Titan may be a mission for the next century, and if many people follow and build a society in Saturn space, that could be the work of two centuries more - which still brings us merely to the 24th century, still the midfuture, a mere 100,000 day trip down the river of historical time.

Meanwhile we are free to speculate about what may be there now, and in the future.

The top image of a lake on Titan is a detail from Astronomy Picture of the Day.

Bonus Space News: Also via New Scientist, report of the successful launch yesterday of the SpaceX Falcon 9, which reached orbit with a mockup Dragon capsule. Good work, SpaceX! This was a big launch for them, and everything came together.

Falcon 9 Launch


Unknown said...

Hydrocarbon oceans? So BP has already been there then?

(Boo, hiss! Get off the stage!)

This is fascinating, but waaaaaay above my high-school knowledge of chemistry. I'm definitely going to pass that article along to a friend who has a background in chemistry.

As for the timescale, I think you're probably right. Robotic surveys through the 21st, with crewed visits no sooner than the late-21st early-22nd. Even allowing for major breakthroughs in engineering, what's the payoff for sending humans to do a remote's job. And if there is an ecosystem there, that's an even better reason not to send flesh-units until the robots have confirmed their bacteria/fungi/what-have-you can't transfer to our ecosystem.

But I can imagine research institutions fighting over access to that first crewed voyage, and their boards wondering if it's worth the cost of sending a person after fifty-plus years of detailed robotic surveys. Launch to Titan in one year... Unless the funder backs out.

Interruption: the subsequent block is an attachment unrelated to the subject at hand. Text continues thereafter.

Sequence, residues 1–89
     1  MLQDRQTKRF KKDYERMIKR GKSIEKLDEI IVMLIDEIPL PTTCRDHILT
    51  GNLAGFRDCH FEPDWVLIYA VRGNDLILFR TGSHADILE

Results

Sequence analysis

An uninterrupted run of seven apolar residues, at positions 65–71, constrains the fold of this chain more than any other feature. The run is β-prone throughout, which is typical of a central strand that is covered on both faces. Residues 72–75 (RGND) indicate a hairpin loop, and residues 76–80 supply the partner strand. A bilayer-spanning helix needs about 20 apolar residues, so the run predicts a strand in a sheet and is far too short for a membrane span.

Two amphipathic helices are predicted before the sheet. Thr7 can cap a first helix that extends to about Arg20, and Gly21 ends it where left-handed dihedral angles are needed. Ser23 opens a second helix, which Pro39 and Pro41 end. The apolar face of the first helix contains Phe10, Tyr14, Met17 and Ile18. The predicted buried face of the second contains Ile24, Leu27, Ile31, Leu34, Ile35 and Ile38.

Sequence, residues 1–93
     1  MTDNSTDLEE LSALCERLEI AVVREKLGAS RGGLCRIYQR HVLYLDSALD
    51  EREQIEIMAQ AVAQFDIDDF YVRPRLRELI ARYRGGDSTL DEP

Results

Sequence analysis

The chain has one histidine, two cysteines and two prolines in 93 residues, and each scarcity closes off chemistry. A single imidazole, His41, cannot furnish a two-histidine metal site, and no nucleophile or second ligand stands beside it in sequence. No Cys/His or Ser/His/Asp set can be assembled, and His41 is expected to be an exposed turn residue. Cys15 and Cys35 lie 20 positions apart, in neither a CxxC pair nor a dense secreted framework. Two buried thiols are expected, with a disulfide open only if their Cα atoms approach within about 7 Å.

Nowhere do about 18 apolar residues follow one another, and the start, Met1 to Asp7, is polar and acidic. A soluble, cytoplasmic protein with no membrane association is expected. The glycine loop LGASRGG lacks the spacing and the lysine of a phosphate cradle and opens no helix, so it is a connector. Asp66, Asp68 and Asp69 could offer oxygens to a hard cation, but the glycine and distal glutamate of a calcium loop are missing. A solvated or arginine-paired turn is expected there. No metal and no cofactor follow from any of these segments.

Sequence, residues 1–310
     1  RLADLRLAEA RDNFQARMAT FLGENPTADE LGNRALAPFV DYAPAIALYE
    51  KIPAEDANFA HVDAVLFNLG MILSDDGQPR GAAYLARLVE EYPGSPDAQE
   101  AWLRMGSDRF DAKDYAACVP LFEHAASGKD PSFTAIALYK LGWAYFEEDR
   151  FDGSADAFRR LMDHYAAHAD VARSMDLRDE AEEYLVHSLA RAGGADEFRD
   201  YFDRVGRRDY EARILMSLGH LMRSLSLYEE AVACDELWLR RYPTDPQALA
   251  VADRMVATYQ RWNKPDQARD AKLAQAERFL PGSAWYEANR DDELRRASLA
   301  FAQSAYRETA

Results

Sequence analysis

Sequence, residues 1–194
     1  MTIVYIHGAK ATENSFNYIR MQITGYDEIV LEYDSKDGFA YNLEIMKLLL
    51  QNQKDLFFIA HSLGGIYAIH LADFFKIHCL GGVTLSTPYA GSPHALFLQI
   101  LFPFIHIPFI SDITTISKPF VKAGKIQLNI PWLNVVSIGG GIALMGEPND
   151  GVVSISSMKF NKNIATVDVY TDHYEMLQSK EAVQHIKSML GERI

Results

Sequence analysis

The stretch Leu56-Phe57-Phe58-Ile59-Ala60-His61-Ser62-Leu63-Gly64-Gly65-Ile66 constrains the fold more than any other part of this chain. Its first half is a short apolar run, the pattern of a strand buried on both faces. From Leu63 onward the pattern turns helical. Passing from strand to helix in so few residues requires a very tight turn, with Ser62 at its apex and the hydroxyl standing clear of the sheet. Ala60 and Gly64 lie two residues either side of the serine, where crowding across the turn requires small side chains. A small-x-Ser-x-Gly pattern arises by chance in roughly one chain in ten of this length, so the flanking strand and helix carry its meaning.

Thucydides said...

Discounting ORION, it is possible to get there in about two months (including a period of coasting) using high ISP drives. Dr Robert Brussard calculated the following performance potential using an IEC fusion reactor running p-B11 reactions:

Low Earth Orbit (LEO) to Mars: 33 days, more or less, for high performance designs, or 6 weeks for economical freight-hauling variations. The craft is single-stage, with a 15-20% payload fraction.

LEO to Saturn's Moons: as low as two months, with a short coasting period. Again, the craft is single-stage, and has a 14% payload fraction

Couple the possibilities with the sort of drive that SpaceX exhibited to create the Falcon-9 and it is possible that the exploration and settlement of deep space may take place a lot faster than we imagine.